This meant it had to be scaffolded on site ($$$) shotblast with non-renewable grit ($$$) and repainted ($$$$) under weatherproof sheeting ($$$). This meant it was 10 days late for commissioning which set the whole plant back ($$$$$$).

When the dust had settled and all was back to normal, an engineer switched on the burners at the bottom. He did this without opening the butterfly valve in the monty great funnel on top. The entire top third of the heater ( a steel funnel chimney and a 45-ton box lined with concrete and full of pipes) blew off and flew 60 yards away, narrowly missing several other expensive structures, so the whole place came grinding to a halt while another heater was ordered, fabricated, painted, shipped, erected, tested and commissioned ($$$$$$$$$$).

The odd thing is, that I was the only person involved who had no qualifications (I'm really a musician), and the only one who didn't actually fuck up at some stage.

So I shouldn't have posted this at all. Sorry :@ )
(Mon 29th Oct 2007, 12:23, More)

» Bullshit and Bullshitters

Maaaany years ago, I worked for a few months as a guide
at the Blue John Cavern in Daaarbyshire. The guided tours were meant to be based on the guide book, which was not the most carefully researched and verifiable document in the first place.
To cut a looong story shrt, over a period of time the information from each guide began to diverge from the official party line, until you could have gone down with three consecutive guides and believed that you were in a completely different cavern each time.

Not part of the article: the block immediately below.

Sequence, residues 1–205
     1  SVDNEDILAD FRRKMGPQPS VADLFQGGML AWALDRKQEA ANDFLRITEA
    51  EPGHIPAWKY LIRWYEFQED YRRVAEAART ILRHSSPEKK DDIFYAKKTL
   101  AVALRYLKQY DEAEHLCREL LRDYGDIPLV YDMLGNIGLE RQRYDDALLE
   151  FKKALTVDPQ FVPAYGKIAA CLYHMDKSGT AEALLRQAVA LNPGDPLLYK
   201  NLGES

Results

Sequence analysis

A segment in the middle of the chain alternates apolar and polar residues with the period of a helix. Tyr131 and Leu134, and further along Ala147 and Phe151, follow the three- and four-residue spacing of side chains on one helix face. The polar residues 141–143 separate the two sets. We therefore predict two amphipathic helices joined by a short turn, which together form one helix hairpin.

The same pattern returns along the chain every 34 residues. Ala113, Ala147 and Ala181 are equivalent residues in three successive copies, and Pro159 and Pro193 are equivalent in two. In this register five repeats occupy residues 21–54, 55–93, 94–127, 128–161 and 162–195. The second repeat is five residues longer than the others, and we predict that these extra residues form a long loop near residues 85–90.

We became competitive. We set each other challenges. We had a contest to see who could get one of the punters to ask the ladies in the shop for a copy of 'The Epic of Gilgamesh' (because the Blue John Cavern is, of course, mentioned several times in this antidiluvean masterpiece :p ). We span theories to our hearts' content about Coriolis forces and helical cave markings, polar reversals and whatnot.
Two things of note came from this.
1) Despite occasionally provoking a smirk or conspiratorial grin, at no time was I ever challenged on any of my outrageous lies by any teachers in charge of school field trips.
2) We were all completely outclassed and frankly had to acknowledge one particular guide as 'The Master'. The lowest cavern in the series is a fairly impressive space, and in the artful lighting looks even bigger than it is. It's pretty big by the standards of most natural caves in Britain. Nevertheless it's still a cave, so we were awestruck to hear a middle-aged couple in the shop after a trip with 'The Master' asking in all seriousness for two tickets to the forthcoming 'UK Underground Hang-gliding Championships'.
(Sat 15th Jan 2011, 20:45, More)

» Fancy Dress

I was going out with a lass in sheffield
who had a bit of a "rugby follower" sense of humour.
She invited me to a fancy dress party, and I was under the impression that it was at the flat of one of her similarly minded mates.
It turned out to be a family party with several generations present.
Needless to say I was the only party goer who turned up dressed as a used tampon.
(Sun 15th Jan 2006, 14:13, More)